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Papéis Avulsos de Zoologia

Print version ISSN 0031-1049On-line version ISSN 1807-0205

Pap. Avulsos Zool. vol.56 no.12 São Paulo  2016 


Foraging pattern and harvesting of resources of subterranean stingless bee Geotrigona subterranea (Friese, 1901) (Hymenoptera: Apidae: Meliponini)

Fernando Mendes Barbosa1  2 

Lúcio Antônio de Oliveira Campos2  4

Joana Fidelis da Paixão3  5

Rogério Marcos de Oliveira Alves3  6

1. Instituto Federal de Educação, Ciência e Tecnologia do Norte de Minas Gerais - IFNMG.Rua Gabriel Passos, 259, Centro, CEP 39400-112, Montes Claros, MG, Brasil. E-mail:

2. Universidade Federal de Viçosa - UFV. Avenida Peter Henry Rolfs s/n, Campus Universitário, CEP 36570-900, Viçosa, MG, Brasil.

3. Instituto Federal Baiano - IF Baiano. Rua do Rouxinol, 115, Imbuí, CEP 41720-052, Salvador, BA, Brasil.


Flight activity of bees is influenced both by environmental factors and by internal condition of the colonies. Information about external activity of bees is very important, because it provides data of the species biology, supplying subsidies for the use of these insects in the pollination of crops. The present work aim to evaluate the flight activity of Geotrigona subterranea (Friese, 1901) (Hymenoptera: Apidae) in natural environment. This study was performed on the Instituto Federal do Norte de Minas Gerais, in the municipality Januária, Minas Gerais State. Two natural nests were observed. The activities of bees of the colonies were recorded three days each month, during the period of December 2011 to November 2012, totaling 924 observations. It was recorded the number of bees leaving and entering the nest, and the type of material transported by them for ten minutes each hour from 5 a.m. to 7 p.m. The bees entered the colony carrying pollen, resin, detritus and also without apparent material. The bees began external activities by 6 a.m. at 20°C and finished at 6 p.m. at 28.8°C. The peak of activity of G. subterranea occurs on schedule from 1 to 2 p.m. Even though G. subterranea makes their nests in underground, their foraging activities are very similar to others stingless bee species that usually nest on tree cavities or aerial places. This indicate that despite their particular nesting way the external factors as climatic ones will significantly modulate their foraging pattern in a daily and seasonal way.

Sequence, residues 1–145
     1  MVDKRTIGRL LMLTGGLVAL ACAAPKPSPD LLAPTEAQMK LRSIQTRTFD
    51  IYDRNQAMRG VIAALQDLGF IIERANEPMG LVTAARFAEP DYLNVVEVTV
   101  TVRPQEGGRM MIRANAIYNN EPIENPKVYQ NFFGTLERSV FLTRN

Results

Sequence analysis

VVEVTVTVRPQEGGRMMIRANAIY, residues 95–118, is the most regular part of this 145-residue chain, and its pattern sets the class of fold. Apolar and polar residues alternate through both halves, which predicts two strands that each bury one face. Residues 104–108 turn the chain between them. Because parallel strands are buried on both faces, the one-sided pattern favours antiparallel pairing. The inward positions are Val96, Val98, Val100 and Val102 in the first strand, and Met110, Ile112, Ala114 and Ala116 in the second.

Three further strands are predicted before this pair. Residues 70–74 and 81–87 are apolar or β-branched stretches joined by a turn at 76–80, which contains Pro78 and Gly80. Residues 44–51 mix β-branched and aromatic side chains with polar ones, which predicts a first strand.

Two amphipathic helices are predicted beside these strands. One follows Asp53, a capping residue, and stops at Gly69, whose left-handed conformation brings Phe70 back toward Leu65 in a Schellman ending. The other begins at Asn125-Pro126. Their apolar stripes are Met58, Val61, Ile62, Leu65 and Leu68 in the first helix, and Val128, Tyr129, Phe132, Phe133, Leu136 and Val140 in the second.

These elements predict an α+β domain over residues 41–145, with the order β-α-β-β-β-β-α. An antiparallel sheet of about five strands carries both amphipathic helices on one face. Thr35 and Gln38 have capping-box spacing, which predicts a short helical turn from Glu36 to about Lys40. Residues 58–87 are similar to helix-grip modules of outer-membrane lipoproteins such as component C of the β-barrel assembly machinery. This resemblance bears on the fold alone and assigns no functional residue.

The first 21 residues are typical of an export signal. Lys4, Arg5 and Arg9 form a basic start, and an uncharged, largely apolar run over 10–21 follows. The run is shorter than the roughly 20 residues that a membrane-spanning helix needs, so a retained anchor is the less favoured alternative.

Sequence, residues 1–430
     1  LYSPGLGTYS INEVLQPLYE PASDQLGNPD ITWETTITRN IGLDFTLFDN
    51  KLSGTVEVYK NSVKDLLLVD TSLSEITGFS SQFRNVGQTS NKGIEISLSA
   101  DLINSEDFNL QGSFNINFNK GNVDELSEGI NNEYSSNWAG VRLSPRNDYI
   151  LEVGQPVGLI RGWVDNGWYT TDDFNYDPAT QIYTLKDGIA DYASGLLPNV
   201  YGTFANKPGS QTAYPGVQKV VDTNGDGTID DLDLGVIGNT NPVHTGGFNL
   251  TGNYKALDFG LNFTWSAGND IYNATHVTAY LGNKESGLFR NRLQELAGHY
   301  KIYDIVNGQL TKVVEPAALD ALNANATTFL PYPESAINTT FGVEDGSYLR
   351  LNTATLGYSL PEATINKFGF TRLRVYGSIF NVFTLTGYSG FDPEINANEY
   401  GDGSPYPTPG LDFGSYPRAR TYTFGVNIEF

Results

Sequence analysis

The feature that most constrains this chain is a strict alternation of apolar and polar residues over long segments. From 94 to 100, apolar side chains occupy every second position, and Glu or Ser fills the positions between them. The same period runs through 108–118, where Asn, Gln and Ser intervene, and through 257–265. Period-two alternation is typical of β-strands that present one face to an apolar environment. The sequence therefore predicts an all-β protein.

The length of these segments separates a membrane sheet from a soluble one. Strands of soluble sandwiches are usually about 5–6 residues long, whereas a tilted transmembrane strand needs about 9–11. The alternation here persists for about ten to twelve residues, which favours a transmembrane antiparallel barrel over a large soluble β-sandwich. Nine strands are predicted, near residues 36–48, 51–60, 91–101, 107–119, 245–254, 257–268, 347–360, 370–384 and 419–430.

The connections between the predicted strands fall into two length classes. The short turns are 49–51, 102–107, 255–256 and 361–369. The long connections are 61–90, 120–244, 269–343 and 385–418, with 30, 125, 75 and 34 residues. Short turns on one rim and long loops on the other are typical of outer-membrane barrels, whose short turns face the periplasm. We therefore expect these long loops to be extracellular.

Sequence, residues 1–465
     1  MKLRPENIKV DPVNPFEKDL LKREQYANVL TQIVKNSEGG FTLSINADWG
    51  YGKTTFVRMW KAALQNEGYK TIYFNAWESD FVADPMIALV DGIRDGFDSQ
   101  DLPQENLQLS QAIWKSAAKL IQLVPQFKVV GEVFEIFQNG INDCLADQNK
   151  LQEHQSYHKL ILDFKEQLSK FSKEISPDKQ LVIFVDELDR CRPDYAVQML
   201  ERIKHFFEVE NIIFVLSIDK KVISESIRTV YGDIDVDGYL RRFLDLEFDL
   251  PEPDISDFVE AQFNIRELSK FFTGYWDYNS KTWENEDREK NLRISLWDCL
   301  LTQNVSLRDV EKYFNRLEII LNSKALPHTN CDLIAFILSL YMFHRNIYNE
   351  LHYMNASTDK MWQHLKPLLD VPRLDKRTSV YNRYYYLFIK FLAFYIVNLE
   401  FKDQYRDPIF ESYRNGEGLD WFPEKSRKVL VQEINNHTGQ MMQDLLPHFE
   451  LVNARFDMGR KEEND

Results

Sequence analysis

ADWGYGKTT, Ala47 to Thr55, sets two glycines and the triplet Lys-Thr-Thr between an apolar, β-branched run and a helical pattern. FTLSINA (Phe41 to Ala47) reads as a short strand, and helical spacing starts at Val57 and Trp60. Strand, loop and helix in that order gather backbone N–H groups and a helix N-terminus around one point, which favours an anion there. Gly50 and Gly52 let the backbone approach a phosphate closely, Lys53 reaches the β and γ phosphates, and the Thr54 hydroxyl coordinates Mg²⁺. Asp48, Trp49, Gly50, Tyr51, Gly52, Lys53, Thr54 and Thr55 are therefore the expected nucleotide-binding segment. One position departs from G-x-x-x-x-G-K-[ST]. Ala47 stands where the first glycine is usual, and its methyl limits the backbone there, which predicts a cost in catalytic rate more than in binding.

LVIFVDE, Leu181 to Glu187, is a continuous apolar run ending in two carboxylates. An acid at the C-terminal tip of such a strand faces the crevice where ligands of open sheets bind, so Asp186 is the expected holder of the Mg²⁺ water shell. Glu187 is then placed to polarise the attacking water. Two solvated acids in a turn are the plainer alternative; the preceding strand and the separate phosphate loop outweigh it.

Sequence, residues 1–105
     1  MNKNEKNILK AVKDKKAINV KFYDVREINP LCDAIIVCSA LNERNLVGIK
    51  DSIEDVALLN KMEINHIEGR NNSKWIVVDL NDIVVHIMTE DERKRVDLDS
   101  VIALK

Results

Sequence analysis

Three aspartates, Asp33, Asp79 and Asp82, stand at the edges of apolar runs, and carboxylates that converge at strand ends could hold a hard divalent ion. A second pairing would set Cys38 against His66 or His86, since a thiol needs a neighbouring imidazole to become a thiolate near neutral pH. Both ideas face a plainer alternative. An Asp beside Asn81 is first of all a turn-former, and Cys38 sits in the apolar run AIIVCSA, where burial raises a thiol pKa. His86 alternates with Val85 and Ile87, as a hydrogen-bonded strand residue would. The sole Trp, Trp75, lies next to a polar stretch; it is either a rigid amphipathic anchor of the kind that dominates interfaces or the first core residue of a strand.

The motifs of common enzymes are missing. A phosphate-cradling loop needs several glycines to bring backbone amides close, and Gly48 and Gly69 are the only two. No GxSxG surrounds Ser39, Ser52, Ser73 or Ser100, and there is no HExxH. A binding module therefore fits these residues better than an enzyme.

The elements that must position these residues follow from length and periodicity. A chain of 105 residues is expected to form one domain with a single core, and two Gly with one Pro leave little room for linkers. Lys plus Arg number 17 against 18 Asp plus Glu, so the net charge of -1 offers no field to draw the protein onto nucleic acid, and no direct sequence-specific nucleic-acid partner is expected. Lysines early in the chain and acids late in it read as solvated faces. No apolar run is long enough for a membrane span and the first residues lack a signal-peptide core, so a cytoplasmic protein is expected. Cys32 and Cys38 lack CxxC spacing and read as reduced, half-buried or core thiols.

Key-Words: Foraging behavior; Meliponini; Pollen; Resin; Detritus


A atividade de vôo das abelhas é influenciada por fatores ambientais, como temperatura, umidade e intensidade luminosa; e pelas condições internas da colônia. Informações sobre a atividade externa das abelhas é de grande importância, pois proporciona dados importantes para o conhecimento da biologia das espécies, fornecendo subsídios para o uso destes insetos na polinização de cultivos. O presente trabalho teve como objetivo avaliar a atividade de voo de Geotrigona subterranea (Friese, 1901) (Hymenoptera: Apidae) em ambiente natural. Este estudo foi realizado no Instituto Federal do Norte de Minas Gerais, no município de Januária, Estado de Minas Gerais. Foram observados dois ninhos naturais. A atividade das abelhas foi registrada por três dias a cada mês, durante o período de dezembro de 2011 a novembro de 2012, totalizando 924 observações. Foi registrado o número de abelhas que sai e entra no ninho, e o tipo de material transportado por estas, durante dez minutos a cada hora (das 5 às 19 horas). As abelhas entraram na colónia transportando pólen, resina, detritos e também entraram sem aparente material (néctar ou água). As abelhas iniciaram a atividade externa por volta das 6 horas da manhã, a 20°C e encerraram às 18 horas, a 28,8°C. O pico da atividade de G. subterranea foi observado em torno das 13-14 horas. Apesar de G. subterranea construir seus ninhos em cavidades subterrâneas, suas atividades de forrageamento são semelhantes a de outras espécies de abelhas sem ferrão que constroem ninhos externos ou em cavidades de árvores. Isto indica que, apesar de seu hábito de nidificação, os fatores climáticos afetam seu padrão de forrageamento diária e sazonalmente.

Palavras-Chave: Comportamento de forrageamento; Meliponini; Pólen; Resinas; Detritos


Flight and foraging of social insects, such as stingless bees, are influenced both by the internal conditions of the colony and the variation of external conditions, including climatic conditions and availability of resources for foraging (Kleinert-Giovannini & Imperatriz-Fonseca, 1986; Kerr et al., 1996; Biesmeijer et al., 1999; Nascimento & Nascimento, 2012).

The internal conditions of the colony are strongly influenced by the nest population that determines the amount of bees foraging (Kerr et al., 1996). The body size determines the distance of flight and the response of workers to weather factors (Pereboom & Biesmeijer, 2003; Araújo et al., 2004).

Environmental factors such as temperature, precipitation, light intensity, wind speed, and relative humidity influence the flight activity of stingless bees, its variation throughout the year and therefore the pollination (Kleinert-Giovannini & Imperatriz-Fonseca, 1986; Bruijn & Sommeijer, 1997; Hilário et al., 2003). The flowering characteristics such as availability, time of occurrence, duration, quality and sugar concentration in nectar are also important to external activity of bees (Marques-Souza, 1996; Biesmeijer et al., 1999).

Information about external activity of bees is very important because it provides data of the species biology and aspects of their behavior that impact on their potential for crop pollination (Iwama, 1977; Hilário et al., 2000). These features include the amount of bees that enter and leave the hive and the resources collected by them.